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United States Department of Agriculture

Agricultural Research Service

Research Project: DIOXINS AND OTHER ENVIRONMENTAL CONTAMINANTS IN FOOD

Location: Animal Metabolism-Agricultural Chemicals Research

Title: Historic and newer persistent organic pollutants in food

Author
item Huwe, Janice

Submitted to: Book Chapter
Publication Type: Book / Chapter
Publication Acceptance Date: July 13, 2011
Publication Date: April 1, 2012
Citation: Huwe, J.K. 2012. Historic and newer persistent organic pollutants in food. In: Schecter, A., editor. Dioxins and Health: Including Other Persistent Organic Pollutants and Endocrine Disruptors. Third edition. John Wiley & Sons, Inc. p. 53-88.

Interpretive Summary: This book chapter summarizes information from more than 80 recent scientific papers and 5 government websites regarding the concentrations of persistent organic pollutants (POPs) in foods. The POPs reviewed in this chapter include environmental contaminants such as dioxins and polychlorinated biphenyls, industrial chemicals used as flame retardants and non-stick coatings, and the pesticide DDT. A wide variety of foods from North America, Europe, Asia, and Australia have been analyzed for these contaminants and, in general, are found to contain low levels. A comparison of the different food groups shows that fish and animal products generally contain higher concentrations of these contaminants than plant-based foods. Certain regions of the world appear to have higher residue levels in foods due to local environmental contamination. Examples include fish from waters near industrial and heavily populated areas, backyard or free-range animals and eggs from certain parts of Europe or near BFR recycling sites in China, and fish or animal products from developing countries were the use of DDT may still be occurring. Ultimately, the concentrations of POPs in foods are used to estimate human dietary exposure to these contaminants and, based on the summarize data, show rather uniform dietary intake of these POPs in developed countries.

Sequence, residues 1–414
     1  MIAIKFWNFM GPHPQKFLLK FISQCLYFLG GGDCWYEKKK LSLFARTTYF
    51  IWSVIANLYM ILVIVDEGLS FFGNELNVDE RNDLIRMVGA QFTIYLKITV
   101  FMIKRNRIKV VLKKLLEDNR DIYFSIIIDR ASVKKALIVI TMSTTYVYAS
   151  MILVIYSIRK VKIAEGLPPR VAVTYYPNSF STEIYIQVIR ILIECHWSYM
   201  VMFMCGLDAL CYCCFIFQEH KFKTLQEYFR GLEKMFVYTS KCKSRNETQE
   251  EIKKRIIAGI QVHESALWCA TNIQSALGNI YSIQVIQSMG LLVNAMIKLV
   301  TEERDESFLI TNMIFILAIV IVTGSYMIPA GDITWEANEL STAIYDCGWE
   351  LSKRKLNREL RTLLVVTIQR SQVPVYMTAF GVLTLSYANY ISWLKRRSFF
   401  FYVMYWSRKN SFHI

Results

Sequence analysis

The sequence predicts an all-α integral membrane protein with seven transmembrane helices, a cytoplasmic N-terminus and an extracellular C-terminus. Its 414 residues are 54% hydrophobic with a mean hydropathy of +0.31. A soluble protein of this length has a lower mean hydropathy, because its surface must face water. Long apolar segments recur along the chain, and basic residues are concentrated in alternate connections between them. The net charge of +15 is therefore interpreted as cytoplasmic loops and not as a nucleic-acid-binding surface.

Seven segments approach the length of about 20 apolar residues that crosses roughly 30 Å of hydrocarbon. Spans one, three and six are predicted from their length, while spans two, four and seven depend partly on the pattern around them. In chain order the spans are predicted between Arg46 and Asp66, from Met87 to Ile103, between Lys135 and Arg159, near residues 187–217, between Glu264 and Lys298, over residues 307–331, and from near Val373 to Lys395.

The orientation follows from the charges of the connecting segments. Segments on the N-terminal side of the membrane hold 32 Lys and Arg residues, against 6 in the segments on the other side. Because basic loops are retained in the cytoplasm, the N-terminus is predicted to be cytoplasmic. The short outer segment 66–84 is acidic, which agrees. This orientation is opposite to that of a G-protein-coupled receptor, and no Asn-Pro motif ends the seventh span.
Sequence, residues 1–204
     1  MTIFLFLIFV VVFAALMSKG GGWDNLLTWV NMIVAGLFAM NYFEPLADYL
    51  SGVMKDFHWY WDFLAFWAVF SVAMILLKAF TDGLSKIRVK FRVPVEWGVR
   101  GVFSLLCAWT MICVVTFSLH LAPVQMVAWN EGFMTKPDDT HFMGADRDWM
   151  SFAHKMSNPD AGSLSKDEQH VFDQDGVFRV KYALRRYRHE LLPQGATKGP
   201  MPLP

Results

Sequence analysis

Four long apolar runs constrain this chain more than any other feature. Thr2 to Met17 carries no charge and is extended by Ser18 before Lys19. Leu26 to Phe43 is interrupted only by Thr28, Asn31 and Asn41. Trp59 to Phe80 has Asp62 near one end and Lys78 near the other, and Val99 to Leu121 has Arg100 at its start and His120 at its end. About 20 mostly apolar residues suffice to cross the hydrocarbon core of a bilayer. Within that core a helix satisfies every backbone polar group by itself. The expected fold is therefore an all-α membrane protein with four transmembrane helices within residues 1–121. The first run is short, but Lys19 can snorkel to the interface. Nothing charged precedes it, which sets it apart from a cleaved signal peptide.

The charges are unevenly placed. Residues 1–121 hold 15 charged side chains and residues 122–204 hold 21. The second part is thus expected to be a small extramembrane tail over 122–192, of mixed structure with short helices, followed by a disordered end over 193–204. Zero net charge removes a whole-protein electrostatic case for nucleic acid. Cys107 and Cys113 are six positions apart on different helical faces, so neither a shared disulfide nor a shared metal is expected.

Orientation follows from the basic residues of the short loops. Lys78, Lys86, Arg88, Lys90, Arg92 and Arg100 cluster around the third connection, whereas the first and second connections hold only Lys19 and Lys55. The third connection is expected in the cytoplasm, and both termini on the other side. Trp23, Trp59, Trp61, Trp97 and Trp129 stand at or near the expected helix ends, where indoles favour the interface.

Technical Abstract: This book chapter reviews the literature published over the past five years with regard to the concentrations of historic and newly-listed persistent organic pollutants (POPs) in foods. The chemical classes selected for this review include historic POPs (dioxins, polychlorinated biphenyls, and DDT) and more recent POPs (polybrominated diphenyl ethers, hexabromocyclododecane, and perfluoroctane sulfonic acid). A wide variety of foods from North America, Europe, Asia, and Australia have been analyzed for these POPs. Comparisons of POPs levels between food groups show that fish and animal products generally contain higher concentrations of these contaminants than plant-based foods. Certain regions of the world have higher residue levels of POPs in foods due to local environmental contamination. Examples include fish from waters near industrial and heavily populated areas, backyard or free-range animals and eggs from certain parts of Europe or near BFR recycling sites in China, and marine and animal products from developing countries were the use of DDT may still be occurring. Ultimately, the concentrations of POPs in foods are used to estimate human dietary exposure to these contaminants and, based on the summarize data, show rather uniform dietary intake of these POPs in developed countries.

Last Modified: 8/30/2014
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